source: Jurgis Baltrusaitis, Anamorphoses les perspectives dépravées, Flamarion 1985
The observation that the true seems false and that some false are perceived by the eye as true goes back to antiquity (we remember the columns of the Parthenon).
This opposition will give birth to the perspective: an artifice allowing to restore the third dimension on a support which counts only two. During the Italian Renaissance, artists who were also mathematicians began to define rules and find calculations to give perspective a maximum realism (these calculations will be verified 5 centuries later by comparing them with a photographic image).
Shortly after the discovery of these calculations and rules, some artists, perhaps the very ones who had discovered them, felt the need to transgress them, or rather to push them to the extreme, producing the first anamorphoses.
Anamorphic drawing by Leonardo da Vinci, 1483-1518
At the beginning of the 17th century, accessories appeared that made it possible to combine the geometric calculations of perspective with the laws of light reflection: cylindrical and conical mirrors.
The images distorted by this process are almost unreadable without their accessory and the drawing. As looking at the tip of the cone while drawing the opposite of what the eye sees, is extremely difficult.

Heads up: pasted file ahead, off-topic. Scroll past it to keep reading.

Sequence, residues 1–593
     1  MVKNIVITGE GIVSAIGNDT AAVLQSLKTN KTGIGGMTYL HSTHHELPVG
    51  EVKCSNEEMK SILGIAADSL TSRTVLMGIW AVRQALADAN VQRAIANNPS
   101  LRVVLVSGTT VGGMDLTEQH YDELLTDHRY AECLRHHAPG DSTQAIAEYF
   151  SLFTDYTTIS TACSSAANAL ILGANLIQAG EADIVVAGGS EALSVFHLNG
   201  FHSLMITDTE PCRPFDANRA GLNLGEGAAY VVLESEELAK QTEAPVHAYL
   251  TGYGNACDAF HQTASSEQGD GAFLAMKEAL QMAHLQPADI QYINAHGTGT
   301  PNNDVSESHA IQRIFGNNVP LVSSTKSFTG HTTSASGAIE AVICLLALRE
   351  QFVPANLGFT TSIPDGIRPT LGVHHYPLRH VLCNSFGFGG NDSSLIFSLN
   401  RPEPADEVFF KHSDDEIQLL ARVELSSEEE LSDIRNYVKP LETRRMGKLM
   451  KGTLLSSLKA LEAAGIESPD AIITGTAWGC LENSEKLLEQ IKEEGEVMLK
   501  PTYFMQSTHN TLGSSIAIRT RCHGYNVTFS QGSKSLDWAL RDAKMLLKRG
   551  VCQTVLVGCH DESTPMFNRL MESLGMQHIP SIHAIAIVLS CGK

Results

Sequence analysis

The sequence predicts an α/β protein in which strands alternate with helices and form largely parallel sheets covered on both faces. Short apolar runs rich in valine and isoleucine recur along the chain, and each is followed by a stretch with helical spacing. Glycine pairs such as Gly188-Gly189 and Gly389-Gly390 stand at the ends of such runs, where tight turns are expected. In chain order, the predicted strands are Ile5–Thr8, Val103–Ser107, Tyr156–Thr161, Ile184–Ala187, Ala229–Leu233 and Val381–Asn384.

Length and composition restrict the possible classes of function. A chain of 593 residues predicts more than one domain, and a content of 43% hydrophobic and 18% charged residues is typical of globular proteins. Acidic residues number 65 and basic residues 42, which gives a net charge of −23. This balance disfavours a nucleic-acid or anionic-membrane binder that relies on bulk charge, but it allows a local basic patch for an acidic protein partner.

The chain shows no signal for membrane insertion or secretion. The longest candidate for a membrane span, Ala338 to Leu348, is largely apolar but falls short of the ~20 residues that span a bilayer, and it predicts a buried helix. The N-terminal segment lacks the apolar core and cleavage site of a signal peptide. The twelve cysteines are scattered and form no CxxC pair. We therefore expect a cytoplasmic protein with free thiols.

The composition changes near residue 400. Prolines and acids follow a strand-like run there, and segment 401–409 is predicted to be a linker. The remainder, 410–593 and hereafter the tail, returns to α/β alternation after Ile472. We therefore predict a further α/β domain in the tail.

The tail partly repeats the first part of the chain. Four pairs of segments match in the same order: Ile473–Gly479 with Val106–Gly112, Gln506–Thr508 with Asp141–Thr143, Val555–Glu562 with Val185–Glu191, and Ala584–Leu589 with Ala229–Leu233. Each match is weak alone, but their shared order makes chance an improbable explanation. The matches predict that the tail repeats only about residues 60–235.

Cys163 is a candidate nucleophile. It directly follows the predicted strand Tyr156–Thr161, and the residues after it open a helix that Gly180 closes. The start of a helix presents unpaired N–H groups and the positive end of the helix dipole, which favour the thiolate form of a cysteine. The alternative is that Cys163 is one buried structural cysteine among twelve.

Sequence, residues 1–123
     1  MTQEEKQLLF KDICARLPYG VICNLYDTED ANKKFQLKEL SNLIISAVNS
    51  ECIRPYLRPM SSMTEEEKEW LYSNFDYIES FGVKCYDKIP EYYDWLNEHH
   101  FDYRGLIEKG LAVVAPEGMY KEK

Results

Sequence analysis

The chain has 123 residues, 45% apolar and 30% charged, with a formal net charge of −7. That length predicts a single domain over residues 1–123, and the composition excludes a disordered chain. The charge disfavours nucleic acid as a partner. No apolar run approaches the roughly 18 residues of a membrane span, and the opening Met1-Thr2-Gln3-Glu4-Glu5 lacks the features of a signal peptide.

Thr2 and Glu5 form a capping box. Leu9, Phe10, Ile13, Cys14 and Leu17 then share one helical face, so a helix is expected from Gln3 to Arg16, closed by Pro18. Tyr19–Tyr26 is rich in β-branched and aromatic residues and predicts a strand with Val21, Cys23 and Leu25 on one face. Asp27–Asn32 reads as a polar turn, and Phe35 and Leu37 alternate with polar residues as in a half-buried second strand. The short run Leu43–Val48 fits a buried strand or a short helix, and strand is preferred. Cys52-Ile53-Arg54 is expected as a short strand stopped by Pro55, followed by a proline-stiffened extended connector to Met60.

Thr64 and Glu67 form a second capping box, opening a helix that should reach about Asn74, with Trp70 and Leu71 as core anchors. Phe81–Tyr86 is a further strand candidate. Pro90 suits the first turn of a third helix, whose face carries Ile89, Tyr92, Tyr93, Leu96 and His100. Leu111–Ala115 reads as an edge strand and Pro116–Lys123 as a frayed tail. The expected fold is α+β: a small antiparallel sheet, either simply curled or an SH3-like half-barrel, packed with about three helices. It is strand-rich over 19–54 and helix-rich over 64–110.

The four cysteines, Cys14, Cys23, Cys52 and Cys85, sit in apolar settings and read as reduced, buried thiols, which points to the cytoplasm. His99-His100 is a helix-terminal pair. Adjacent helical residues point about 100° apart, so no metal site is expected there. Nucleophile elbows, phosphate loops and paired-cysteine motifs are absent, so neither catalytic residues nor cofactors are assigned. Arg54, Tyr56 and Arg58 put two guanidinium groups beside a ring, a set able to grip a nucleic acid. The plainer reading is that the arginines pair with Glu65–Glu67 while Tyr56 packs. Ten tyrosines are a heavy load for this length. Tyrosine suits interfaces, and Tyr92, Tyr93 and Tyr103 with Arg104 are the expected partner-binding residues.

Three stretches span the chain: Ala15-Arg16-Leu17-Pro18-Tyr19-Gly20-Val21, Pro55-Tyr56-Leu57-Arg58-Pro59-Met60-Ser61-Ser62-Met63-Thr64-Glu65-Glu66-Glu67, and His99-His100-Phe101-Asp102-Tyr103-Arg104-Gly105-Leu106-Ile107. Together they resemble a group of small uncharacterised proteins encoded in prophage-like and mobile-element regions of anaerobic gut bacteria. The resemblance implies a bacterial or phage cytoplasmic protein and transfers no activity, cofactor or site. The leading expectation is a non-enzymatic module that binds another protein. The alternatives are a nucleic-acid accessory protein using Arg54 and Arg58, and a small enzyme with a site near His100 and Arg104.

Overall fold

In the 18th century, mirror anamorphosis spread all over Europe, and were mainly found in the cabinets of curiosity. They fascinated the philosophers of the Enlightenment and amazed the enlightened amateurs.
"As [curved] mirrors have the property of rendering deformed the things that are exposed to them and that consequently they can make deformed objects appear natural, one also gives, in optics, the means of tracing on paper deformed objects which being seen by these kinds of mirrors appear of their natural figure."
Diderot's Encyclopedia, 1751.
Woman with a bird, Netherlands 18th century.
Restored conical anamorphosis
Anamorphosis, objects of philosophical speculation in the 17th century, scientific curiosity and princely entertainment in the following century, were in decline by the beginning of the 19th century. They were printed in series, most often from engravings with coarse lines and garish colors. A wide range of subjects are represented, from farm animals to pornographic or scatological scenes. It is no longer a question of wonder but of derision and hidden obscenity. Later, at the beginning of the 20th century, they were found in toy shops, but these images continued to interest philosophers and artists.